For the most part when conglomerates and cable companies are undergoing negotiations we don’t hear of it or even care – unless they have the potential to interfere with the last leg of March Madness or the season 5 premiere of Game of Thrones. Earlier this month, Time Warner chief executive Jeff Bewkes called Dish Network’s Chairman Charlie Ergen for the 4th time of the night as they raced to complete negotiations for the major Time Warner channels that we’re so used to. If they were unable to seal the deal regarding how much Dish Network pays to carry these channels, Dish’s roughly 14 million subscribers would have to live without their beloved channels like HBO, CNN, and TNT. Thankfully they reached a deal in time, but this means a great deal towards the larger picture as it signals a major move towards online cable presence and cord cutting. HBO’s recent diversification, their deal with Dish Network, and the consequential rising cable costs will drive an increasing number of customers to cut their cable in 2015 – causing an industry wide move towards online services largely provoked by the firms that hold 95% market share.

HBO announced this past fall for the first time in its history that they would be targeting cable cutters and people without pay-tv subscriptions. According to the WSJ:

The 13 largest pay-TV providers in the U.S., representing 95% of the market, lost about 125,000 video subscribers in 2014, marking the second consecutive year for pay-TV losses, according to the Leichtman Research Group. In 2013, the loss was 95,000.

P1-BT398_BEWKES_9U_20150412163017

About time, HBO. As an effort to accommodate this growing number of consumers they have made several large moves including launching their HBONow service and their recent deal with Dish.

HBO Now is a stand-alone app that Time Warner is using to target consumers that still have broadband but have parted with their pay-TV subscriptions. The app will allow HBO to drive sales up for those who have left the video service – a move that was made carefully to make sure it doesn’t cannablize the rest of Time Warner’s business. A big opportunity to make that hedging bet in its various channels was making sure that this deal with Dish was just perfect. Dish Network has also recently expanded their online offerings through Sling TV, which is a package service consisting of about 20 channels. In their final negotiations, Bewkes and Ergen agreed to tackle cord-cutters together: Dish would offer HBO via Sling TV, its own new online-TV service targeting cord-cutters, while the companies hashed out details that would give Dish incentive to sell HBO more actively. These moves encompass the challenges of restructuring a traditional business model as the Internet remakes the television landscape. With HBO being an industry leader, their moves are viewed closely and its jump into streaming has sprung a movement followed by a handful of other networks.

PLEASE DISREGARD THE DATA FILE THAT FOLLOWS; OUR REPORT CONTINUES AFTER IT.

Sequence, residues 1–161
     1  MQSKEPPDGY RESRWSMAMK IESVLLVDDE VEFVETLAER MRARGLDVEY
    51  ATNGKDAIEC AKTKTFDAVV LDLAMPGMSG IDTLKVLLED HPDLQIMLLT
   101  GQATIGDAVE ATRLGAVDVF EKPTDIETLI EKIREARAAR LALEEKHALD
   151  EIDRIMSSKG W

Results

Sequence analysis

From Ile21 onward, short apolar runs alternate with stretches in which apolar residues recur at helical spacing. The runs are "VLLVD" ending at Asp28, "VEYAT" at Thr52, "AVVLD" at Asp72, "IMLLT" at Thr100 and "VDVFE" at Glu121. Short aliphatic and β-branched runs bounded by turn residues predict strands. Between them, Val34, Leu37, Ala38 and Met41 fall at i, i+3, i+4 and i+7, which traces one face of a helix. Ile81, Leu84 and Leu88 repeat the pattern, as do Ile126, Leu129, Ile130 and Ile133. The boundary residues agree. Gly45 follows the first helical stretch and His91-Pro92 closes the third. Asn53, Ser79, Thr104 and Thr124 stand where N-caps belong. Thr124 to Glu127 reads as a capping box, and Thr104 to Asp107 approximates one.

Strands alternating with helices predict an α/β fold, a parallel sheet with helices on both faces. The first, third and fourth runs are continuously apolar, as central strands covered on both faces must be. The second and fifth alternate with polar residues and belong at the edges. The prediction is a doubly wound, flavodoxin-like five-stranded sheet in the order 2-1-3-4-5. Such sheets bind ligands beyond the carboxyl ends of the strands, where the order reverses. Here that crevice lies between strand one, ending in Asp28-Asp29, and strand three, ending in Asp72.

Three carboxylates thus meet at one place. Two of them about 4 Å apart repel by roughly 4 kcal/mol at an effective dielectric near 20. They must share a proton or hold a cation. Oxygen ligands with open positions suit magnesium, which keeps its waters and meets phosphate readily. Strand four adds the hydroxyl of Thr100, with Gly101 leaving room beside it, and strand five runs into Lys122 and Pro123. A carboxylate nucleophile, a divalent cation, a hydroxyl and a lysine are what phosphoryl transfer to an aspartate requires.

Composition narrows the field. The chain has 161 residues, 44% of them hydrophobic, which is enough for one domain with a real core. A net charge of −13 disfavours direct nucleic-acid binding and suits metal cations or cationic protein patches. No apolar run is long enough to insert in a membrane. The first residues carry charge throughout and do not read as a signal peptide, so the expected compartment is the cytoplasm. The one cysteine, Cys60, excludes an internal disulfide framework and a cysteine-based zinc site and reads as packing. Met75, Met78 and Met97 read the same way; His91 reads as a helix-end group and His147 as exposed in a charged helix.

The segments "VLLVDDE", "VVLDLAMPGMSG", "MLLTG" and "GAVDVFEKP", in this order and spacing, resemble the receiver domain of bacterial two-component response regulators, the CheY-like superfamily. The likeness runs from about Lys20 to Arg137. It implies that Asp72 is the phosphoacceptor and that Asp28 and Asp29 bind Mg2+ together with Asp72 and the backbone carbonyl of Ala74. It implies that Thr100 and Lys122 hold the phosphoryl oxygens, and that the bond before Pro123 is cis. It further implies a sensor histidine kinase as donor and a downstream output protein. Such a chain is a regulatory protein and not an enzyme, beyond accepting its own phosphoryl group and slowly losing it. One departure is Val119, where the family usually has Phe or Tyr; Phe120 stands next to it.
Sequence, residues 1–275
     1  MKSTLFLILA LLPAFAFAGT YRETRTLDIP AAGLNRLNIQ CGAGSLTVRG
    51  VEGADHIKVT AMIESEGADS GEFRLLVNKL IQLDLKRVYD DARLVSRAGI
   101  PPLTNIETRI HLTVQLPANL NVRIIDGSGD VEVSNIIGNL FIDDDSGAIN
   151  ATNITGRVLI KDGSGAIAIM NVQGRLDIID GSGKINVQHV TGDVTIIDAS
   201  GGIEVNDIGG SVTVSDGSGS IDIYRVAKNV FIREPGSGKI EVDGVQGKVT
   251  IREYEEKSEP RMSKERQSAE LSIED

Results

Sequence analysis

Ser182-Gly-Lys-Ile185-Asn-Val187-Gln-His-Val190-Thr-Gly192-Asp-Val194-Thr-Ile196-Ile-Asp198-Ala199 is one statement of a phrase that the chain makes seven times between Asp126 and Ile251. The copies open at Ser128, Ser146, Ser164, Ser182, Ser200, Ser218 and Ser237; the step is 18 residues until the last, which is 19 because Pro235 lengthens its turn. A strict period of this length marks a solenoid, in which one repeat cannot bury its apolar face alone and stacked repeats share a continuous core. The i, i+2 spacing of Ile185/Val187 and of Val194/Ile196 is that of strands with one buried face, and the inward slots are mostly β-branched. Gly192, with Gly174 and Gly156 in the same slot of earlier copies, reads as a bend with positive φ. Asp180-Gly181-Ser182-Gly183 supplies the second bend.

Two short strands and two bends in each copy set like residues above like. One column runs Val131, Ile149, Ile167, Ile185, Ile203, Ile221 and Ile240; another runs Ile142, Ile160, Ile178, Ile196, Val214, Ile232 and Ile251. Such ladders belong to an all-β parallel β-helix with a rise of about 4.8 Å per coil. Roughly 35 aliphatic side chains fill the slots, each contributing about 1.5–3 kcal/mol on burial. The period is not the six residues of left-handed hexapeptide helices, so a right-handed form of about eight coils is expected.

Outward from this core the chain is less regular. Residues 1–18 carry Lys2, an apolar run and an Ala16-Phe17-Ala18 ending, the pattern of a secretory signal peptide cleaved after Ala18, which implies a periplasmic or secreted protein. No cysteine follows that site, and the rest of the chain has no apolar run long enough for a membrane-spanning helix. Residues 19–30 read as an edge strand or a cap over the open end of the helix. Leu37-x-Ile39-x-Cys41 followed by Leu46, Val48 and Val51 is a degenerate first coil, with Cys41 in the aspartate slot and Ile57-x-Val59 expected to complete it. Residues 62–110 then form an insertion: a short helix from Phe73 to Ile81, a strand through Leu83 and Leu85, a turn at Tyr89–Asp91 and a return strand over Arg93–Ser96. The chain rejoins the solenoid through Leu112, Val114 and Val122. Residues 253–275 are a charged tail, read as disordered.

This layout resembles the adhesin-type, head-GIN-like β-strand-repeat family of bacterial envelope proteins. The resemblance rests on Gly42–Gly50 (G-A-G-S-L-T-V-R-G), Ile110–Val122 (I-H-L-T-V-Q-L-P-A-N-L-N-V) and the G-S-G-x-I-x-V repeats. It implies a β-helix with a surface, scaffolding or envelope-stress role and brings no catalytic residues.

Beyond the increasing number of appealing streaming options, there are cost pressures pushing from the other side at the worst time possible. Time Warner and other firms are making promises to investors that they will secure higher fees from cable providers, which is a major pressure on the industry. With higher fees and programming costs burdening the industry, cable costs are increasing – making cheaper online alternatives very appealing. While the final cost of these streaming packages and various services differ based on interests, companies like HBO and Dish Network are diversifying their online platforms and altering their business models – signaling the beginning of the end for pay-TV as we know it.

 

LinkedIn: One Stop Shop

Thesis:  Although LinkedIn just committed one-quarter of its cash to this acquisition, their smooth investor relations and their future plans to incorporate the online training services into their site will lead to profitable returns for their investors in the long term.

After four years of continuous growth since going public the professional social network LinkedIn marked down their first acquisition, which is quite a bit larger than a usual first step for a company. With quarterly revenue growth of 75% year over year, on average, and not missing Wall Street’s forecasts once, investor relations have been extremely positive since their IPO. LinkedIn is already the place to go to sharpen up your personal network and keep updated on your professional contacts so it seems rather fitting that they will soon be a driving force in helping you hone the skills to take advantage of these contacts. This past Thursday they announced that they will be buying Lynda.com, which provides online professional training services, for $1.5 billion with approximately 52% being paid in cash (WSJ). Although LinkedIn just committed one-quarter of its cash to this acquisition, their smooth investor relations and their future plans to incorporate the online training services into their site will lead to profitable returns for their investors in the long term.